human renal tubular epithelial cells (HK2) were used to
examine the 96‑well plate gradient hypoxia model, and proved
it was effective (Fig. 5H and I).
Mechanisms of HT with different doses. To determine
whether it was C6 cells rather than other cells in the tumor
microenvironment that cut down the expression of VEGF‑A,
the authors tested the expression of VEGF‑A following HT at
different temperatures in C6 cells, and found that they were
reduced in a temperature dependent manner. Following this
the EGFR/STAT3/HIF‑1A pathway which is upstream of
VEGF‑A, was investigated (18‑20), and found that the expression and activation of these genes were reduced in the same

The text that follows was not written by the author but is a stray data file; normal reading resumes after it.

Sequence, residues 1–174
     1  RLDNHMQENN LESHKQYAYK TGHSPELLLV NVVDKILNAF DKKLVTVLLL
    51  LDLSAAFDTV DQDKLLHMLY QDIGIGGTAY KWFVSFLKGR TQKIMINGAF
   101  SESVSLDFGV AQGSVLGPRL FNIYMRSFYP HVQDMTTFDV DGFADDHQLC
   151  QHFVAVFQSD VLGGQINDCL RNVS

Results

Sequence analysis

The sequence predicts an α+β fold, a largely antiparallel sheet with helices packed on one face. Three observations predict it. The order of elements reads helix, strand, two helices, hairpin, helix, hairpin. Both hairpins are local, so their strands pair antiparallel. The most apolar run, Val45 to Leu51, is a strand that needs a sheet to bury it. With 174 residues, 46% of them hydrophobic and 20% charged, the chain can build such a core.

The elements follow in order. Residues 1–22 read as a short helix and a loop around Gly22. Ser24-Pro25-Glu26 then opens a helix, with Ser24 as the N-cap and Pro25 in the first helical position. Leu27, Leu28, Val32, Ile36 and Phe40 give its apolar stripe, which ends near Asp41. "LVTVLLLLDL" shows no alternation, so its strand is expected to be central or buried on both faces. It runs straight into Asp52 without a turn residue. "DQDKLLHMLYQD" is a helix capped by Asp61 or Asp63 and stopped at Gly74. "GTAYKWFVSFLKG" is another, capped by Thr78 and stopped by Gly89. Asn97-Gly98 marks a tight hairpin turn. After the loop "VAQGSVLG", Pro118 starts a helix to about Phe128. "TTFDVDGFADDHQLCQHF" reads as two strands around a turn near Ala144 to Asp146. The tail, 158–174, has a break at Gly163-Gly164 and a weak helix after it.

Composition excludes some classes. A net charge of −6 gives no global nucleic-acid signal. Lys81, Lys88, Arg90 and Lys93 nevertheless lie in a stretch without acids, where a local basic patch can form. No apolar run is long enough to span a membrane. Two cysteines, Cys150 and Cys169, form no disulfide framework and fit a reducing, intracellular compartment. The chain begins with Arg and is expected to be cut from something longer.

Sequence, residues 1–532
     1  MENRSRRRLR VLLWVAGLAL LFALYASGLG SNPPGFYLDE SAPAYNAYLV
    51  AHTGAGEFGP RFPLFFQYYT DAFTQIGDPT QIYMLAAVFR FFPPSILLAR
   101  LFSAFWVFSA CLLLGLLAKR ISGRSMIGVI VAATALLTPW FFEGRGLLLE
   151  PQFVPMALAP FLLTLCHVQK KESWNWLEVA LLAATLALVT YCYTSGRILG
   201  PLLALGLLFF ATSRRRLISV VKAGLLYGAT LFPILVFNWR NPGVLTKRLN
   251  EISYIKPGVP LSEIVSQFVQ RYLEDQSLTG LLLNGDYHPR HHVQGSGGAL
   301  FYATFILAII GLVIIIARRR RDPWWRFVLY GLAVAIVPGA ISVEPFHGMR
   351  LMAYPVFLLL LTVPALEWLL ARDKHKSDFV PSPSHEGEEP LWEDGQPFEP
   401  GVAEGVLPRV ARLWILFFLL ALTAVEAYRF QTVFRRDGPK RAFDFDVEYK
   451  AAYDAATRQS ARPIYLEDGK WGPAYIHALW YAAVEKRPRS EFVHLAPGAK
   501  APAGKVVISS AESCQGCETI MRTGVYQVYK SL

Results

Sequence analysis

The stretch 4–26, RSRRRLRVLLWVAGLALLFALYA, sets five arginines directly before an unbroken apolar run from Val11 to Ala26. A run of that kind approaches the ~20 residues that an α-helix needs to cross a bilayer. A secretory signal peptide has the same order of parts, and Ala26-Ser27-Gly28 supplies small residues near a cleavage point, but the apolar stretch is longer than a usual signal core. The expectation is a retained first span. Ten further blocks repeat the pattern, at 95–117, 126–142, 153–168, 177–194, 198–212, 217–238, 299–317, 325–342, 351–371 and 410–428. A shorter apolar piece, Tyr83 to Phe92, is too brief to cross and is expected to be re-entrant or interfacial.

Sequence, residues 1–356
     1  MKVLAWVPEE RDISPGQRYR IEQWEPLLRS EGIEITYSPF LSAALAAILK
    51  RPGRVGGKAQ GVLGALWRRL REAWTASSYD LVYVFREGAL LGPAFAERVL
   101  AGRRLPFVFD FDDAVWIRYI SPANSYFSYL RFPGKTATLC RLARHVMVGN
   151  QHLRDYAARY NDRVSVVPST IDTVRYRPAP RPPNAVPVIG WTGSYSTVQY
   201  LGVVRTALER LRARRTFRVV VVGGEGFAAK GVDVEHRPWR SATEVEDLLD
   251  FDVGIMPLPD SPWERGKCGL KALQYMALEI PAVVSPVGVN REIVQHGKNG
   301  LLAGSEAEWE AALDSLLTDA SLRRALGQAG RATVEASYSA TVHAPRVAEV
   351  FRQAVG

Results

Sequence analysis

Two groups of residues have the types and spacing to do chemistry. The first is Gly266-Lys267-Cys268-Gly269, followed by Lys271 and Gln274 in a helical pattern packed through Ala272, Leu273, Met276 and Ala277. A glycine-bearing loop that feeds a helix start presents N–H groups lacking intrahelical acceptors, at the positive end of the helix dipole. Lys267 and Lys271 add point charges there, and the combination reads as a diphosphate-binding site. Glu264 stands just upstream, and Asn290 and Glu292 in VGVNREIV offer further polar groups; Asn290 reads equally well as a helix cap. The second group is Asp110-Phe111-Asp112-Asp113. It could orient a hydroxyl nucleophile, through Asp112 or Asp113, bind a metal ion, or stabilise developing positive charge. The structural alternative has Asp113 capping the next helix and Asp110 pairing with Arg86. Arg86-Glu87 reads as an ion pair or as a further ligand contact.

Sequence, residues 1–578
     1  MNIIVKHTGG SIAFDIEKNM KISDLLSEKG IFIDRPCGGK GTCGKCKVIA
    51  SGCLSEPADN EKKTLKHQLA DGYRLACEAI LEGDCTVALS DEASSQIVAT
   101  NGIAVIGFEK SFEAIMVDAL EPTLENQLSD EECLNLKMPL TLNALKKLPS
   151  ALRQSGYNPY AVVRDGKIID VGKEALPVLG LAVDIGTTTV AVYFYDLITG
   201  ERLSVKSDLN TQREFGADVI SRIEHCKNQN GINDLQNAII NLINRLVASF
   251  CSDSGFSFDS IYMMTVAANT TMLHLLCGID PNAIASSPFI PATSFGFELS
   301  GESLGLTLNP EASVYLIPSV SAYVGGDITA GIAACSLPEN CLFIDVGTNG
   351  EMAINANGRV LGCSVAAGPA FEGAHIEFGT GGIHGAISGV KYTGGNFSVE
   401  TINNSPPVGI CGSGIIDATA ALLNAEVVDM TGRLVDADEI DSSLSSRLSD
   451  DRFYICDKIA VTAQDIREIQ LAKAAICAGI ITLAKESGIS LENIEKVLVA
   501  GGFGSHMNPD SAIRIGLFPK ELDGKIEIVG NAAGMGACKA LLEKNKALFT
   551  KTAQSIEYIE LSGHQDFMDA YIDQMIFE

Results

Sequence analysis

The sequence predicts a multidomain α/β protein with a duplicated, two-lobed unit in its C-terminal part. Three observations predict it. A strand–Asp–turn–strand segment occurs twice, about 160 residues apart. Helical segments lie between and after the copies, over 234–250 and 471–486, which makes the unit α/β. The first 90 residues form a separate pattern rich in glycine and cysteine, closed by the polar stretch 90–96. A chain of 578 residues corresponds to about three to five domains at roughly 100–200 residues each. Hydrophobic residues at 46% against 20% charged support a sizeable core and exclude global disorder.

manner (Fig. 6A).
Figure 4. HT with 44˚C x 1 h, 1 t had synergy with TMZ. (A) Photographs
presented HT with 44˚C x 1 h, 1 t had synergy with TMZ. Magnification,
x200. (B) MTT assay indicated that HT with 44˚C x 1 h, 1 t had synergy with
TMZ. **P<0.01 vs. control. HT, hyperthermia.
Apoptosis related genes Bax and Bcl‑2, both downstream
of STAT3, can lead to mitochondrion mediated apoptosis (21),
and the present study detected an increase in Bax and decrease
in Bcl‑2 after HT. In addition, the expression of MGMT, which
is related to the drug resistance of MGs to TMZ, was in accordance with results of STAT3 (Fig. 6B).
Discussion
HT is one of the newest therapies for tumors in recent years,
however there has been no systematic research conducted
concerning using HT at different time periods. Therefore, we
conducted this study. The authors carried out HT at conditions
of 42‑46˚C x 1 h, 1 t, and continuously observed the status